At bedtime his parents must say goodnight in a certain way otherwise he believes it is bad luck. They must say “good night, love you, sleep tight”. Then he must say “good night, love you”. If it has said in the wrong order, they must start again.

Aston’s teachers have begun to notice that he is “zoned out” at least 50% of the time in lessons, because he is busy performing the OCD mental rituals in his head.

Aston’s anxiety permeates his whole life.

anxious little boy, head in hands

Causes of OCD in Children

There is no single cause of OCD in children. Often though, it starts when a child has faced an event where they felt out of control.

This could be anything from bereavement to moving house or bullying.

The brain has tried to find a way to help the child feel in control again, and the rituals have served this purpose.

Also, it commonly emerges during times in a child’s life when they may be struggling with the idea of increased responsibility in their lives and daily activities.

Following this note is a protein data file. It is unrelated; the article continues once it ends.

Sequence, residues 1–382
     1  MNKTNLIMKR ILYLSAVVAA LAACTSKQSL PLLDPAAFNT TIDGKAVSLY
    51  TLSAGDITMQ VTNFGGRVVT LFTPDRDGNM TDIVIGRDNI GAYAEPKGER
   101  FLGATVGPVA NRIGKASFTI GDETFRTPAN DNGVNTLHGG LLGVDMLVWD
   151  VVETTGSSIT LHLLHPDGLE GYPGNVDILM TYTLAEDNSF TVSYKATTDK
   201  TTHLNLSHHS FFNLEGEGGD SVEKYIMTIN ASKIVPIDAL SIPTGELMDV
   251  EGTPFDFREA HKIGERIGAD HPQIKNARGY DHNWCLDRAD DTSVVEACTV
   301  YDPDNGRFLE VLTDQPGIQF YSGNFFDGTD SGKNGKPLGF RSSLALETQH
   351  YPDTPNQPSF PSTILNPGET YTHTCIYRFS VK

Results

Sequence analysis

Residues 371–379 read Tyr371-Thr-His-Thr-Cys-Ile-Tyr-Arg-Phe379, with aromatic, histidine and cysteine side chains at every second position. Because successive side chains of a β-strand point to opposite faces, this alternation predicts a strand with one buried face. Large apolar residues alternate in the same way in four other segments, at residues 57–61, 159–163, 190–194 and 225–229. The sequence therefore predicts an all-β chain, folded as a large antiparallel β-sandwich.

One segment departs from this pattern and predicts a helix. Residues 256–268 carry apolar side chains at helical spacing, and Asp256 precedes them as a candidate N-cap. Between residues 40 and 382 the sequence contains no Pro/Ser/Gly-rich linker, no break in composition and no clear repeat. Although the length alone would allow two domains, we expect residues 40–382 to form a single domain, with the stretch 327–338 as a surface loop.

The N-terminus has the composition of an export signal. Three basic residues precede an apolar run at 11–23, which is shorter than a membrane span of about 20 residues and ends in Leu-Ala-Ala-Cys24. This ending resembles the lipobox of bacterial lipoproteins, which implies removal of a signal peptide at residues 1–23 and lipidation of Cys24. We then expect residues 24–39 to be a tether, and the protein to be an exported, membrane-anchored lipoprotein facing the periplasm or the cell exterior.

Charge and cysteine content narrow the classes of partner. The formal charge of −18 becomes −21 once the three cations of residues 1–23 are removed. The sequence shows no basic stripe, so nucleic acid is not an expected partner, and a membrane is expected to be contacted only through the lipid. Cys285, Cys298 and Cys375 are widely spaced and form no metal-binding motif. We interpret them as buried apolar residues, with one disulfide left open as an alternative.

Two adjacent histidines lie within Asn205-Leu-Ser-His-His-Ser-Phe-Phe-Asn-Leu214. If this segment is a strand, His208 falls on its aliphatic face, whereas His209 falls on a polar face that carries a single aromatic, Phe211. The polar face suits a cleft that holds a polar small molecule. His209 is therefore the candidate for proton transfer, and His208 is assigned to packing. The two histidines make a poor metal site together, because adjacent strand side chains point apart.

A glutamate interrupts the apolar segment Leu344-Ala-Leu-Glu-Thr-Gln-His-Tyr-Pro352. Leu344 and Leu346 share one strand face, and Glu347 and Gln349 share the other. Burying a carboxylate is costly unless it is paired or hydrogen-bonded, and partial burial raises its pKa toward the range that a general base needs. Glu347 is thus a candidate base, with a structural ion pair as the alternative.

OCD may start gradually and gather momentum, or it may have a sudden onset. When there is a sudden onset, it may be caused by a change in environment or circumstances (such as moving to secondary school) but there is also a growing body of health professionals who believe the symptoms can be brought on by an infection (see PANS/PANDAS section below).

Outsmart Anxiety online parent course

OCD Treatment For Children

The great news is that psychological treatment for children with OCD tends to be very effective, as long as it is offered by a mental health professional with a high level of training and experience, such as a clinical psychologist.

Early treatment is vital, as OCD can quickly escalate.

The most effective treatment option for OCD, which is recommended in the UK by NICE (the National Institute for Health and Care Excellence) is called ERP: Exposure and Response Prevention.